Romy Shiller

Archive for November, 2014|Monthly archive page

St. Vincent

In Comedy, Drama, Film, review on November 8, 2014 at 10:38 am

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ABOUT: St. Vincent is an American comedy-drama film written and directed by Theodore Melfi, making his feature film debut. The film stars Bill Murray as the title character with Melissa McCarthy, Chris O’Dowd, and Naomi Watts.

Plot: Vincent, a drunken, gambling war veteran retiree, gets recruited by his new single-mom neighbor Maggie to watch over her small grown 12-year-old son Oliver. Vincent’s ideas of after-school activities involve racetracks and strip clubs, but eventually the mismatched pair begin to help each other grow up.

Bill Murray. Wow – as usual. He might win many awards for this film. This film might win several awards too. It did come in second place for “People’s Choice Award for Best Film” at the 2014 Toronto International Film Festival. The film was straightforward in that it did nothing to challenge narrative or the act of watching cinema – so, it was extremely good for the genre. Speaking of genre this film is a dramedy but because there usually is not a blend category, most award shows will probably categorize this film as a comedy.

The Web Magazine, Splitsider recounts a story from The Wall Street Journal: Ted Melfi got Bill Murray to star in his debut feature film St. Vincent, and it’s just as strange and amazing as you might expect a Murray casting story to be. After getting access to Murray’s famous 1-800 number and leaving messages for months, Melfi says he finally got a response from Murray’s lawyer with a request from Murray for a one-page letter regarding the project. A few weeks later, Melfi was driving and got a call from Murray himself:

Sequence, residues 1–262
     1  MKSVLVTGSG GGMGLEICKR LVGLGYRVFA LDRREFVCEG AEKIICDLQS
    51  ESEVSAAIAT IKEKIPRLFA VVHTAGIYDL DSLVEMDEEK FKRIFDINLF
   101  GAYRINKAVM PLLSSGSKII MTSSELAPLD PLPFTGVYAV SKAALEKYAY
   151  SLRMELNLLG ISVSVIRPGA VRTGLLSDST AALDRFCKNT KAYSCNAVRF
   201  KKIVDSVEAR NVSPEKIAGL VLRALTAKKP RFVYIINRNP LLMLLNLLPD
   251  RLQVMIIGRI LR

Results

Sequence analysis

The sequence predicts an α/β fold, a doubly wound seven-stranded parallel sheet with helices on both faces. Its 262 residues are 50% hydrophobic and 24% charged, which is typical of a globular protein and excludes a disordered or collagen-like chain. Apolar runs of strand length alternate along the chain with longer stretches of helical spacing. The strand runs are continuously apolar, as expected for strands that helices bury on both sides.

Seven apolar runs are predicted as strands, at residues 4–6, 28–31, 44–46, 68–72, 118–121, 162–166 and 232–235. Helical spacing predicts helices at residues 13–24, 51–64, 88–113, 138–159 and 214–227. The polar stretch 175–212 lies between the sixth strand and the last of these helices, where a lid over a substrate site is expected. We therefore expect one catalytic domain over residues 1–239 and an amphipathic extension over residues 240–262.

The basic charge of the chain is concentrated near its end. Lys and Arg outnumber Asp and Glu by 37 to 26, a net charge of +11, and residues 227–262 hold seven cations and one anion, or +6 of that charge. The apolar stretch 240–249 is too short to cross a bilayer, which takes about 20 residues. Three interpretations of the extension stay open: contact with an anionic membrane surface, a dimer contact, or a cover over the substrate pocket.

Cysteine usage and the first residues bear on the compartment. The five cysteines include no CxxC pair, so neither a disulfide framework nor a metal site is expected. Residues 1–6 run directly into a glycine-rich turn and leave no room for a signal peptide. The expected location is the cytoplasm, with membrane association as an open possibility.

“Listen,” Mr. Murray said. “I read your script, and I think it’s great—and who are you? I don’t Google people, so tell me about yourself.”

They went on a drive and ate grilled cheese and voila! The directing was excellent and I’m sure that good acting helped. Naomi Watts plays a pregnant, Slavic, stripper/’lady of the night’ – fantastic.

Naomi WattsSteven Zeitchik McClatchy Newspapers says, In fact, when Watts, 46, was first sent the “St. Vincent” script she thought she was being considered for the part that went to Melissa McCarthy. “I mean, that was the Naomi part, so I just assumed that’s what I’d be asked to do.” That role, incidentally, is of an embattled single mother.

She won the funnier part, though, and wound up even doing some improv, particularly in scenes where she looks to get under the skin of Murray’s curmudgeon. “I was going all out, and possibly too far at times,” she told The Los Angeles Times at the Toronto International Film Festival. “But it was new territory and I just wanted to bust out. I felt like I’d been in chains, like I was a wild animal getting out of this cage.”

When a new neighbour (McCarthy) moves in next door, [Murray] forms an unlikely bond with her young son (Jaeden Lieberher).

TV Showbiz notes that Melissa McCarthy has certainly come a long way since her Gilmore Girls days.

The breakout star of 2011 smash hit Bridesmaids is not only starring in sitcom Mike & Molly, which was recently picked up for a fourth season, but she has a plethora of movie roles keeping her busy.

She is very good but in this film her role is minor. The upside is her move into the dramatic instead of the comic. This was a very smart move for her, in my opinion.

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Murray was most recently seen in The Monuments Men.

The friendship between the man and boy felt familiar. Rolling Stone magazine says, Murray plays the title role in Déjà vu Vincent: a Vietnam vet with a weakness for booze and gambling. He becomes the cantankerous baby sitter for the kid next door, in a relationship that feels like a reprise of 1979’s Meatballs, if Murray’s counselor character, Tripper Harrison, had a few decades of hard living under his belt.

Yeah, it may have felt déjà vu but it was really different here. Anyhoo, we mainly have a story about a young boy, who needs a father figure and ends up befriending a cranky older man who bets at the race-track, drinks, hangs out with a prostitute etc. Not a role model by conventional standards but this man has a heart of gold. He pays for the prostitute’s ultra-sound and teaches the young boy to defend himself. Also, he’s Bill Murray so…

There is a lot of strength and compassion in this film. There is a necessary warning against judgement and preconception. What might appear offensive hides an alternate way of being.

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